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Rick Perry's Discussion With Sheriff Joe Arpaio Draws Condemnation From Latino Leadership

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RICK PERRY SHERIFF JOE ARPAIO IMMIGRATION
Republican presidential candidate Texas Gov. Rick Perry speaks to a crowd during a rally Wednesday, Sept. 7, 2011, in San Diego. (AP Photo/Gregory Bull) | AP

DALLAS, Texas -- Latino political leaders and activists have condemned Texas Governor Rick Perry for reportedly contacting anti-immigrant Sheriff Joe Arpaio of Arizona’s Maricopa County to discuss immigration policy, saying the meeting is proof that a Perry presidency would spell bad news for Hispanics.

On Aug. 19, Arpaio used his Twitter account to inform his followers that Perry’s presidential campaign had reached out to him. Several weeks later, on Sept. 3, he revealed that Perry had called him at home and they'd had "a great conversation, especially about immigration and other matters."

Perry is "doing the wrong things to please the wrong people," said Lauro Garza, director of the Texas chapter of Somos Republicans, in an interview with HuffPost LatinoVoices. When he aligns himself with people like Arpaio, "it becomes harder to defend his attitudes towards Latinos."

Arpaio has become an outspoken icon for the nation's anti-immigration movement. His office deported more than 26,000 undocumented immigrants between 2007 and 2010 -- about a quarter of the total deported nationally during that period.

Garza, a retired police officer and customs agent, said that the contact between Perry and Arpaio would alienate Hispanic Republicans. Hearing about their discussion "sickened us, as if he’d brought a dead skunk to a barbecue," Garza said.

He added that, among the “known anti-immigrants” in the U.S., Arpaio represents the “worst extreme." "We don’t respect him and don’t think he deserves to be a Republican," he said.

Despite Governor Perry’s having grown up in a small, rural town in west Texas close to the Latino community, and being cognizant of issues sensitive to Latinos, Garza noted that Perry has changed his position on immigration. He now champions anti-immigration policies that have been proposed to the Texas State Legislature, perhaps in a bid to appease Tea Party activists.

“Rick Perry is not the only Republican we like, so if another of the candidates convinces us, we could happily give him our vote," said Garza. "Although Perry has the greatest potential, we won’t give him our vote if he continues committing such mistakes."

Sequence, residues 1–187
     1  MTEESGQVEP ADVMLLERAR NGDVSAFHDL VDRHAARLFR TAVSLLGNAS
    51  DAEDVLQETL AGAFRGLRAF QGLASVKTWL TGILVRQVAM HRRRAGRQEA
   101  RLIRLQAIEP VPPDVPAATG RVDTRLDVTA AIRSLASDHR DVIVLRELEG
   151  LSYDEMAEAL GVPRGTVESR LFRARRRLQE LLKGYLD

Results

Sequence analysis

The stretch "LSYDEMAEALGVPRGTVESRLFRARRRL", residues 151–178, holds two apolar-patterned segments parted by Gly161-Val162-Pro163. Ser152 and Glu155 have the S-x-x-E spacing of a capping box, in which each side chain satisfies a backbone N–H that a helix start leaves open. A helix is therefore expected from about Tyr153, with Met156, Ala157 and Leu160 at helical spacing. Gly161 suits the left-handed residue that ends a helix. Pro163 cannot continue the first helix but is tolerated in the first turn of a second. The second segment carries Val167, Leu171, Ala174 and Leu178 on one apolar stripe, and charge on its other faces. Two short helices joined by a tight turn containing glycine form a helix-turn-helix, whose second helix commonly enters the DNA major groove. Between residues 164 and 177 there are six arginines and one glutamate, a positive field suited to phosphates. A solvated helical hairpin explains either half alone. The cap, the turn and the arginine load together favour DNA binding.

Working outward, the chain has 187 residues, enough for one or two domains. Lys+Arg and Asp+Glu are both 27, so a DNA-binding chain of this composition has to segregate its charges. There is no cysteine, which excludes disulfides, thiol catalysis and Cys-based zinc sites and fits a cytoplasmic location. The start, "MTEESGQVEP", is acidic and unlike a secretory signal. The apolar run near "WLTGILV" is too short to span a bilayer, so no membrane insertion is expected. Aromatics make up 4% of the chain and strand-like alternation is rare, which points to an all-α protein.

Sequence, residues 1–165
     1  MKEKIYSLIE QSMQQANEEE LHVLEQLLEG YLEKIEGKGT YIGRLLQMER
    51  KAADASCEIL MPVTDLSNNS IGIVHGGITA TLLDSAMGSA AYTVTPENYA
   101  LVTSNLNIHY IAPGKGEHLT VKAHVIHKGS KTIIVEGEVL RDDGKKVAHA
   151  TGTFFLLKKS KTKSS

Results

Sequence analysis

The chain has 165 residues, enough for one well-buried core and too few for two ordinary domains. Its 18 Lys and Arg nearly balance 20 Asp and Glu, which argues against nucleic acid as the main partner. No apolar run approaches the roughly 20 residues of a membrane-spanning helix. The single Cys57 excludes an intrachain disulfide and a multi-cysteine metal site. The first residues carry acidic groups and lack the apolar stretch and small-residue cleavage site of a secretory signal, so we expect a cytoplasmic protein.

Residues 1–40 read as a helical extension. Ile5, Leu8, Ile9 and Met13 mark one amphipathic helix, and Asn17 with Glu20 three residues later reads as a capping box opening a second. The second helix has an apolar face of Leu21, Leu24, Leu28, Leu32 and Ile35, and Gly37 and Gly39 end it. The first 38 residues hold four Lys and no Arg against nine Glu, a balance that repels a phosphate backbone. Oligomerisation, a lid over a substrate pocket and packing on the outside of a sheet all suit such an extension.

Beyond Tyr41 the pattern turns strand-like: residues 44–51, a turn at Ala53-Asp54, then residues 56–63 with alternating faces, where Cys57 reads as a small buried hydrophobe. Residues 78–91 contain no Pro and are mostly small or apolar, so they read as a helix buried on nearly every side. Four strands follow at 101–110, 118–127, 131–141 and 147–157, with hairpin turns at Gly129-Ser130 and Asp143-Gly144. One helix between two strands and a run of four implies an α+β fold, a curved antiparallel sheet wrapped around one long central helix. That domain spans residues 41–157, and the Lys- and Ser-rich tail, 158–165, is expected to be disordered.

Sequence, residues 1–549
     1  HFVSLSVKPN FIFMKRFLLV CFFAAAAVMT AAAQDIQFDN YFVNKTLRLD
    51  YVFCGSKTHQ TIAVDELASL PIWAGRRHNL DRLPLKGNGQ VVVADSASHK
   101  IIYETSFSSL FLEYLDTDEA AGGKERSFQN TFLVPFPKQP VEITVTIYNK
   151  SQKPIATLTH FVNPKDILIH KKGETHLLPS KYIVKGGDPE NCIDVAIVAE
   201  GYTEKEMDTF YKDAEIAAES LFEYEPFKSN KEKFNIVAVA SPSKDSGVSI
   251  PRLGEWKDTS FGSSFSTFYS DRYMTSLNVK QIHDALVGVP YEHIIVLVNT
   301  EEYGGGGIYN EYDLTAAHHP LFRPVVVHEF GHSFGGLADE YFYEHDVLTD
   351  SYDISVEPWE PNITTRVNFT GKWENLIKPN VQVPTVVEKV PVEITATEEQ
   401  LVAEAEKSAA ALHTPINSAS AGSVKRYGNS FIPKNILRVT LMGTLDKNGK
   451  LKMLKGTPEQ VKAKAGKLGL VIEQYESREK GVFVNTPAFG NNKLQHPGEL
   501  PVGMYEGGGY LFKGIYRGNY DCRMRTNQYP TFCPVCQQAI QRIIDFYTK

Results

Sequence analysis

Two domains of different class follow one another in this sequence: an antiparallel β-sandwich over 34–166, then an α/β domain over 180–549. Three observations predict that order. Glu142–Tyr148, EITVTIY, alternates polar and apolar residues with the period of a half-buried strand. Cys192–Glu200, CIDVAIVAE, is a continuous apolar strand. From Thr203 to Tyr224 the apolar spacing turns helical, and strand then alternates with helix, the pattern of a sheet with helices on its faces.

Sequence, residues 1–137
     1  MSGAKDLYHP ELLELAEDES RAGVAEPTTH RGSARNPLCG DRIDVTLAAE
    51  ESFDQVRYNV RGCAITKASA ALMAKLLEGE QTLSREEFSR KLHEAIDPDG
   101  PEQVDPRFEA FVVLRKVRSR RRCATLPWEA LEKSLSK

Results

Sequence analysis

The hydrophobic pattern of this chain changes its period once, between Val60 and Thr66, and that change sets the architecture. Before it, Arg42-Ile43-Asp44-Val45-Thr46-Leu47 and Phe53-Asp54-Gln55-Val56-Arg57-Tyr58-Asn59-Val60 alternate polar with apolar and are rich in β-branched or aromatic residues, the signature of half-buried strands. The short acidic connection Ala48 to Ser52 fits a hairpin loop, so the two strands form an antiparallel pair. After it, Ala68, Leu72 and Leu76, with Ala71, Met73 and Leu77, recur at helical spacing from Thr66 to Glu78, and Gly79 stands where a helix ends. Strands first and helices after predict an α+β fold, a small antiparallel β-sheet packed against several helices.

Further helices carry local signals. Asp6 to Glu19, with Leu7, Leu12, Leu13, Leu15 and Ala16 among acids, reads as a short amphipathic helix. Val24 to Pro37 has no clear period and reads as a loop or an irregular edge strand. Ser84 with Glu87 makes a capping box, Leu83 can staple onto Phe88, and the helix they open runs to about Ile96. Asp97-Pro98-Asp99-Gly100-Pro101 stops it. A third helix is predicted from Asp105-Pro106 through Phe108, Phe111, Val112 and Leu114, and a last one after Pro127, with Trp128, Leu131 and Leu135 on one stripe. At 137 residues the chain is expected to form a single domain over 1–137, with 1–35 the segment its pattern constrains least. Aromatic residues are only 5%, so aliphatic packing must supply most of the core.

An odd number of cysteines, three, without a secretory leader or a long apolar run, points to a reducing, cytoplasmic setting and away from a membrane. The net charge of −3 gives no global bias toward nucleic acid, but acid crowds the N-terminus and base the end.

Rebecca Acuña, Latino outreach spokeswoman for the Texas Democratic Party, indicated that the 'anti-Hispanic' politics of the Republican governor were already well known. “We are not surprised that he is asking for advice on immigration issues from a man who is being investigated by the Justice Department for alleged abuses against Latino immigrants,” she said.

"Sheriff Arpaio uses his office to accost and terrorize Hispanic immigrants," she said. "His tactics are radical, such as forcing pregnant immigrant women to go through labor while handcuffed to a bed. He has become one of the biggest enemies of the Latino community.”

Acuña added that, as governor, Perry has frequently worked against the interests of the Hispanic community. She brought up his recent comments that Texas should adopt laws similar to SB 1070, Arizona’s controversial anti-immigration law.

"[Perry] is too ready to sacrifice Latinos to win political points with his party’s extremists," she said. "As such, Hispanics would be the biggest losers in a Perry presidency."

Seeking out Arpaio to discuss immigration was a "grave error" on Perry's part, said Fernando Garcia, founding member of the Texas Alliance for Immigration Reform and Executive Director of the Border Network for Human Rights. The phone call could be the "devil's kiss" -- the kiss of death -- to his presidential campaign as far as Latino voters are concerned, Garcia said.

Perry is underestimating Hispanics and "throwing Latino votes away," he added. Arpaio "openly abuses his authority as sheriff and uses his position to promote his racist attitude ... he is only interested in bothering immigrants who come to this country to work."

Just last year, Perry had publicly stated that he did not believe that Arizona’s SB1070 law was appropriate for Texas.

Garcia believes that Perry is clearly hardening his stance on immigration as his presidential candidacy continues and “thinks that having anti-immigrant, anti-Hispanic and racist policies will win him votes” in the Republican primaries. Perry “seems to ignore that neither he nor anyone else can win the presidential election without the Hispanic vote,” aligning himself with the Tea Party which represents the “most conservative, antiquated and anti-immigrant” values, Garcia said.

Perry "is committing a series of errors, including some intentional ones in that he is underestimating Hispanics," said Garcia.

According to the 2010 Census, 37.6% of Texas’ population and 16.3% of the U.S. total population is Hispanic.

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